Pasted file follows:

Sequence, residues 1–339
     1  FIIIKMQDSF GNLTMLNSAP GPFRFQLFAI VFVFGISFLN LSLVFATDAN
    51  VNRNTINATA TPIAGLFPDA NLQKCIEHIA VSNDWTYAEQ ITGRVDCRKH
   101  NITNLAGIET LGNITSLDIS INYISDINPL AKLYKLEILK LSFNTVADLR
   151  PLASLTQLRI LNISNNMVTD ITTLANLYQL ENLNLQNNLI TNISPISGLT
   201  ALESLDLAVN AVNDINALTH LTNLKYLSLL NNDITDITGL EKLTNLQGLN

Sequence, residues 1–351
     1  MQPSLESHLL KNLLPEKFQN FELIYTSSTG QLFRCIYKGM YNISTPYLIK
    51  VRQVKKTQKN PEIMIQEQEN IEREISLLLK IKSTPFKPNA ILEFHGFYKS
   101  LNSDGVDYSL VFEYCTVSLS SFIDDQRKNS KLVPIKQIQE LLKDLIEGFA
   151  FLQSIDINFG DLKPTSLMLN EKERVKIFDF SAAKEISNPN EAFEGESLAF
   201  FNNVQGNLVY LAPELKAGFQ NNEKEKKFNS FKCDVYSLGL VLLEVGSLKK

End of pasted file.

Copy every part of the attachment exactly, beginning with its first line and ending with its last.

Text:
Sequence, residues 1–339
     1  FIIIKMQDSF GNLTMLNSAP GPFRFQLFAI VFVFGISFLN LSLVFATDAN
    51  VNRNTINATA TPIAGLFPDA NLQKCIEHIA VSNDWTYAEQ ITGRVDCRKH
   101  NITNLAGIET LGNITSLDIS INYISDINPL AKLYKLEILK LSFNTVADLR
   151  PLASLTQLRI LNISNNMVTD ITTLANLYQL ENLNLQNNLI TNISPISGLT
   201  ALESLDLAVN AVNDINALTH LTNLKYLSLL NNDITDITGL EKLTNLQGLN

Sequence, residues 1–351
     1  MQPSLESHLL KNLLPEKFQN FELIYTSSTG QLFRCIYKGM YNISTPYLIK
    51  VRQVKKTQKN PEIMIQEQEN IEREISLLLK IKSTPFKPNA ILEFHGFYKS
   101  LNSDGVDYSL VFEYCTVSLS SFIDDQRKNS KLVPIKQIQE LLKDLIEGFA
   151  FLQSIDINFG DLKPTSLMLN EKERVKIFDF SAAKEISNPN EAFEGESLAF
   201  FNNVQGNLVY LAPELKAGFQ NNEKEKKFNS FKCDVYSLGL VLLEVGSLKK